Prospective Naturalization Path for Glycerin

After mentioning it a few times to her in passing, my wife finally coughed up the missing Humphreys Alcohol Free Cucumber Melon Witch Hazel Redness Reducing Facial Toner. When I first discovered my pumpkin juice, I thought it could be developed into something like this, by adding vegetable glycerin as a preservative; and, sure as shinola, that's the fourth ingredient: filtered water, aloe barbadensis leaf juice, hamamelis virginiana (witch hazel) water, vegetable glycerin.... Not to put too fine a point on it, but glycerin (glycerol), bisabolol, ethylhexylglycerin, phenoxyethanol (rose essence) are obviously alcohols, technically speaking. You know what they mean by "alcohol free" though: no grain alcohol or isopropyl in the base solution, like other witch hazels.

Maybe it's not just a semantic issue, though. The first thing I noticed, when I applied this atop an oil cleansing prep, was oil coming up to the surface. That's a very alcohol-ish quality. But it became sticky rather than wet-feeling, and I took this as a sign that it would not destroy lather. Also, my hair was standing up most auspiciously. I wouldn't want to shave on something sticky, though, so I stuck to routine, rubbing in some lather by hand and rinsing.

Williams had again lathered up ideally in my palm, without any amendment. Two in a row; I guess I've finally dialed it in. Only took me two entire pucks! :-) I will say this, in defense of my initial failure with this soap: the well water here is clearly less hard in the summer, judging from the lime in the plumbing. I think it's because of the vegetation working hard, upstream in the water cycle. Even though Williams is the one soap that takes the highest responsibility for chelation, and that's always going to be great for your skin, that doesn't necessarily make it the easiest to lather in hard water.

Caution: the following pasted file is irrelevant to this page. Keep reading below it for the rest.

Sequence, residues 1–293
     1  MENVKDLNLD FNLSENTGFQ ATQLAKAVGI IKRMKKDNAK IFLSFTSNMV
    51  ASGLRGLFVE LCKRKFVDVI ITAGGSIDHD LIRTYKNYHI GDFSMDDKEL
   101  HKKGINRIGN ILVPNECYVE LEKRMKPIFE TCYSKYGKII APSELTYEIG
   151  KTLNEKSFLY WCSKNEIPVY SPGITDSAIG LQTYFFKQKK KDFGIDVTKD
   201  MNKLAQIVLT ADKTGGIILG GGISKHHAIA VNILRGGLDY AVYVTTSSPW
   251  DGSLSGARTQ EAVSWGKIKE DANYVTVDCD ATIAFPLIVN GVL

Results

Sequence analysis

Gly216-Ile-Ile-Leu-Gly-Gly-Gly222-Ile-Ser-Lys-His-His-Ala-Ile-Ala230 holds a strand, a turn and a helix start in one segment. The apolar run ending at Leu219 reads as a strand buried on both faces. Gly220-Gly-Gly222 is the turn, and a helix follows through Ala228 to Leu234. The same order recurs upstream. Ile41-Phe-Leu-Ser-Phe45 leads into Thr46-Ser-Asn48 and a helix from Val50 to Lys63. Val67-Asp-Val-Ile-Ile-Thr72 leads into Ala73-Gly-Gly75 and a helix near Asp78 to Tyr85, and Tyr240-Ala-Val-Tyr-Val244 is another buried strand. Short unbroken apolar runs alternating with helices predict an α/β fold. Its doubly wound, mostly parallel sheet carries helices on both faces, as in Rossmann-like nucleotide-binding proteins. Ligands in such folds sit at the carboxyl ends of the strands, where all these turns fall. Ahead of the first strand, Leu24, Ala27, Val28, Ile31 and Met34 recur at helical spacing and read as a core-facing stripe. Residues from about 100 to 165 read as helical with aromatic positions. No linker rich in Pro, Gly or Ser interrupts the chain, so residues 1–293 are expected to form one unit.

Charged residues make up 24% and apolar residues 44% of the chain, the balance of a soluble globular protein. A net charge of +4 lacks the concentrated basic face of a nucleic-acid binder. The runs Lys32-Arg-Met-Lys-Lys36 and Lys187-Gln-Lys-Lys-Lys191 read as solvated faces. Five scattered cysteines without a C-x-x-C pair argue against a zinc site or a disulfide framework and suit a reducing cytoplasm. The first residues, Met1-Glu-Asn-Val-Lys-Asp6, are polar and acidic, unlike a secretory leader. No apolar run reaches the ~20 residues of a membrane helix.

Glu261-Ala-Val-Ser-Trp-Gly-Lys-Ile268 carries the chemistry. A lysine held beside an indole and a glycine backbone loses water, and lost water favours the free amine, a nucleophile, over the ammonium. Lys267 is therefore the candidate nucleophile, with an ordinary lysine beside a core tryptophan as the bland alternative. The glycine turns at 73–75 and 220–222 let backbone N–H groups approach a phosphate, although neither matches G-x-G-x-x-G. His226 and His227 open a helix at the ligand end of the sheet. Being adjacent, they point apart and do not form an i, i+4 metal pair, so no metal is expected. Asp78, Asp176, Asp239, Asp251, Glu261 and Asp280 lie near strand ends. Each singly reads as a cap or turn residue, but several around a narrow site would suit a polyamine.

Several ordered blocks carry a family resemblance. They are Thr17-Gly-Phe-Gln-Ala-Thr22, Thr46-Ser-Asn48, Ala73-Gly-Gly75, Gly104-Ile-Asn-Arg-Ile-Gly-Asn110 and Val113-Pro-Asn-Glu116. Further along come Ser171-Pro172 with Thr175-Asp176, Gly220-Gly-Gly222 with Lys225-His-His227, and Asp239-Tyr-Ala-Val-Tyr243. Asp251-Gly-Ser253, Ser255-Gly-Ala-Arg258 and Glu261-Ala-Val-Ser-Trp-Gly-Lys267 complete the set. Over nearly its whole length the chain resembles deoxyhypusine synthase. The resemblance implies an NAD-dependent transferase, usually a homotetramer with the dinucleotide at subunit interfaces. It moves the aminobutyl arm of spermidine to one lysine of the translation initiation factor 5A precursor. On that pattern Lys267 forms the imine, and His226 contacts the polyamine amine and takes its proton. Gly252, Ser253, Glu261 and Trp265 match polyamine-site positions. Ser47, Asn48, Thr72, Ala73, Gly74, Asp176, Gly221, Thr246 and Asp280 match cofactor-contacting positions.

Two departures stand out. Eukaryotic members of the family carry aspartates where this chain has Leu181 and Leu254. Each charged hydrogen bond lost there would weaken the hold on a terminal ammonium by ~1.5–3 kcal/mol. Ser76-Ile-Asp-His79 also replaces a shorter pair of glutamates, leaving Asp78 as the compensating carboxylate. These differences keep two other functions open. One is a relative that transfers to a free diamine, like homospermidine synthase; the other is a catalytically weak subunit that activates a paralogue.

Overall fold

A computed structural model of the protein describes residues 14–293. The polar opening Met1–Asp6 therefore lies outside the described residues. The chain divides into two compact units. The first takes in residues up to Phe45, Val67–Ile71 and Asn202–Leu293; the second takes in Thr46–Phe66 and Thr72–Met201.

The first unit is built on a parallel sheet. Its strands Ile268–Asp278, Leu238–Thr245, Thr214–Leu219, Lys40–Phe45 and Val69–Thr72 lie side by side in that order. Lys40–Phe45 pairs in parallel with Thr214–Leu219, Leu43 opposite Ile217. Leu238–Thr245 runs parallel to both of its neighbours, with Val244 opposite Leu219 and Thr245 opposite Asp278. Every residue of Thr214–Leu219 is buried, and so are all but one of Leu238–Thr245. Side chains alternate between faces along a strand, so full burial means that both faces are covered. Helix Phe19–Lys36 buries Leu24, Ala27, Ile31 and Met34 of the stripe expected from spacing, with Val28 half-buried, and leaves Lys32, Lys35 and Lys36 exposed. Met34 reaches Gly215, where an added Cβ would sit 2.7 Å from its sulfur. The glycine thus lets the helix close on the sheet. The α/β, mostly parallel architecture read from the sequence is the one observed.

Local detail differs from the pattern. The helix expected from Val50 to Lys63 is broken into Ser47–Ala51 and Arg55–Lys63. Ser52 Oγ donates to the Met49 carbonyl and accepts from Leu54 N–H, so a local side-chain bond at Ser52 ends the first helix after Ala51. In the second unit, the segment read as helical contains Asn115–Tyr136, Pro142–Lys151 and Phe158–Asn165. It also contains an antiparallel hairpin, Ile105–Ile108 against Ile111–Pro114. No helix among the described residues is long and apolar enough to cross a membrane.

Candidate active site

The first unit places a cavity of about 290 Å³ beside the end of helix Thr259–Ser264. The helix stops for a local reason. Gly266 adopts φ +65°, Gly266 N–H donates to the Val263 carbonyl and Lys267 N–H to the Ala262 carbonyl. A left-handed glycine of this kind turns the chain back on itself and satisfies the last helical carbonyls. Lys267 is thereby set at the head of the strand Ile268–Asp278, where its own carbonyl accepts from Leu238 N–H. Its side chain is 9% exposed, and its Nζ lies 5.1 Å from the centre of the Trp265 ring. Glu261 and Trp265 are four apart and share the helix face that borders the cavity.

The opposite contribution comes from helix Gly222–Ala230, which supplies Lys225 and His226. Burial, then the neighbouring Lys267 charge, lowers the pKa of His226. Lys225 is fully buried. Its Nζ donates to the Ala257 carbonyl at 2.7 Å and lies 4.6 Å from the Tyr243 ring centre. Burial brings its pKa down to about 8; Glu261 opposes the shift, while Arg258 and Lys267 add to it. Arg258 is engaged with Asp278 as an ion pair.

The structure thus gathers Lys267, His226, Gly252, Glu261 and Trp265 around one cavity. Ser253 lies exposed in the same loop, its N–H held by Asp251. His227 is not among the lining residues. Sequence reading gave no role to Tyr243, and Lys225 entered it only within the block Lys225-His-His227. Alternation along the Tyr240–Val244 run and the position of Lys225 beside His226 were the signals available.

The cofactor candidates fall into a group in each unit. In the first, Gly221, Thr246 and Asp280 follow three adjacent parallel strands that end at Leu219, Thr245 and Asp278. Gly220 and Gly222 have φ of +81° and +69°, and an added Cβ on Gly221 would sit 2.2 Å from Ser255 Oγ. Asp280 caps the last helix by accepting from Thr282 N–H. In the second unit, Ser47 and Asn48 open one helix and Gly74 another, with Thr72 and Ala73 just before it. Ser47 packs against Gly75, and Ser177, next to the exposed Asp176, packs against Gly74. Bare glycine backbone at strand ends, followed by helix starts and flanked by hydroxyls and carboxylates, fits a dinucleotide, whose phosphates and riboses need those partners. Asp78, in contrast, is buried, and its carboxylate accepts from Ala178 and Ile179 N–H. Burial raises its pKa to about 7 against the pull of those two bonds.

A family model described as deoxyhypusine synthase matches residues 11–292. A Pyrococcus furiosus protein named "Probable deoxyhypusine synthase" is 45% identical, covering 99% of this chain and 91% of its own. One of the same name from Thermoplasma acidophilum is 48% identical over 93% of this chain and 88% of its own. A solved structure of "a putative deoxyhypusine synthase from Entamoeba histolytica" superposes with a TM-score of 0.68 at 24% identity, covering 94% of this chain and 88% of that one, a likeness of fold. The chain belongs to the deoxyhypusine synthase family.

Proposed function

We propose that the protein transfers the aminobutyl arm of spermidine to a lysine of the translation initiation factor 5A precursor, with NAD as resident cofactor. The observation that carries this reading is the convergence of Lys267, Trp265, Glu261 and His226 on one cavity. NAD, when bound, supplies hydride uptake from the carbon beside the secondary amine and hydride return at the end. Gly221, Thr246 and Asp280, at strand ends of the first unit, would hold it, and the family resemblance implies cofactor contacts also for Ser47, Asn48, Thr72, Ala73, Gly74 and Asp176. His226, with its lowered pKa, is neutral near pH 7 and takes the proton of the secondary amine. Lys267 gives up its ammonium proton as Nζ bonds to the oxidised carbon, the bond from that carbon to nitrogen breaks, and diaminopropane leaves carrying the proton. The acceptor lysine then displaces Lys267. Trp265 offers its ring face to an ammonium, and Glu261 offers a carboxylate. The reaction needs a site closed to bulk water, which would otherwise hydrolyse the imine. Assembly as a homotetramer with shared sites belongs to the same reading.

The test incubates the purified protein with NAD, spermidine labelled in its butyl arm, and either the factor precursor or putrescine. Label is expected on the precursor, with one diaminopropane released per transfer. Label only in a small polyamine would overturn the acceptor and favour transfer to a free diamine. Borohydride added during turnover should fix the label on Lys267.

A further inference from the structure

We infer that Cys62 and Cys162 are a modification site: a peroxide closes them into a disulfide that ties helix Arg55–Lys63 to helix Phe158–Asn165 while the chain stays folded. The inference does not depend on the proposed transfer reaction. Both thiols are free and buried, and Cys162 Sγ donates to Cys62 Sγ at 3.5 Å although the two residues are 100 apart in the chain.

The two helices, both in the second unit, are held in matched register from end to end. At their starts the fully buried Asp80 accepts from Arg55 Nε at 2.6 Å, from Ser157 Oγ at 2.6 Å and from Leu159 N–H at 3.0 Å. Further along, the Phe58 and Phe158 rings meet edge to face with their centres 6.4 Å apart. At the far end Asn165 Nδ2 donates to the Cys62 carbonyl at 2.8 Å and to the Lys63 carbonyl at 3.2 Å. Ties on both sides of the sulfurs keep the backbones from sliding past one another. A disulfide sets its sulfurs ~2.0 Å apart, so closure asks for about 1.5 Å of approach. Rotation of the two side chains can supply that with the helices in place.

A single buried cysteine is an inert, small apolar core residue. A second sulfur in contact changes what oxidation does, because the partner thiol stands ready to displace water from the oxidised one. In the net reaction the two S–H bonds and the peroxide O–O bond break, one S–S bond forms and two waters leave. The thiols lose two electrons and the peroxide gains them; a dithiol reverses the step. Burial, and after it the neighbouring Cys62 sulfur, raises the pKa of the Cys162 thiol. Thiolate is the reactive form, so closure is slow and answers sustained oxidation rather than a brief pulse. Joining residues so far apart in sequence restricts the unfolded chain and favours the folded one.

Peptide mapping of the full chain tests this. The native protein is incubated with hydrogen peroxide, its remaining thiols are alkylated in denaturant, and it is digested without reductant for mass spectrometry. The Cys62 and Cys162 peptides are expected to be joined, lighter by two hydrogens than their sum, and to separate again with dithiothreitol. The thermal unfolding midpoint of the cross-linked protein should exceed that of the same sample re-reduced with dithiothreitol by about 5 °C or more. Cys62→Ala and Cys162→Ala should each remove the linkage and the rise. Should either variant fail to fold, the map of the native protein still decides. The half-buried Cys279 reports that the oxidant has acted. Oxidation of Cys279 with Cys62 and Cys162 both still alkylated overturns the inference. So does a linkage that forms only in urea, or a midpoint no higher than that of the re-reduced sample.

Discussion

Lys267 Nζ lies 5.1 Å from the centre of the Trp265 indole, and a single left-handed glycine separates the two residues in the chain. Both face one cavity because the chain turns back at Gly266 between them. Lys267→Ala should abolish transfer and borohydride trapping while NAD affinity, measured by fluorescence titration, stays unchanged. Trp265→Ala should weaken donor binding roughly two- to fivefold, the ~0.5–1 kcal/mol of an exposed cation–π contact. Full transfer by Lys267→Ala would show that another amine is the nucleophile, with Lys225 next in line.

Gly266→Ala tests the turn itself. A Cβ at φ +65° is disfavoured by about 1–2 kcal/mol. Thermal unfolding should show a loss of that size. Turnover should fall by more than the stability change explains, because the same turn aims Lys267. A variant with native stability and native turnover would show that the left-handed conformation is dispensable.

Glycerin, as much as I hate it, is a big part of lathering ease. And I liked how it was working with the oil today, to enhance the oil cleanse chemically, without heat. I tend to look at the skin as an osmotic gradient in aqueous solutions, because glycerin is usually free to blow up my cells through aquaporin, uh, pores. But witch hazel shuts that shit down. I've already noted how the cheap stuff makes high-glycerin soaps more tolerable. That didn't constitute any actual synergy with the lather, the ultimate hydration that needs to be restricted to the very surface of the skin, and especially the hair. This stuff is different. It is better, and worth paying more for.

The 1904 open comb delivered the best shave of its career, bringing the Shark's broken-in edge to an ideal attack, one that felt directed at the root, but safely limiting traction on the skin. Like my best shaves with a Lord Platinum, in the Weishi. The hair was softened to such a degree that it seemed the cut was initiated by flexing into the blade, and finished by tension alignment. All at a safe depth and minimal impact to the follicles. Still a bit of work for me, pushing skin, but a perfect shave.

Of course you know very well, I'm eventually going to squirt some glycerin into my dollar store witch hazel, and mix it with pumpkin juice. The finish here was actually a little on the dry side, prompting me to go back and cleanse with moisturizer after an hour.

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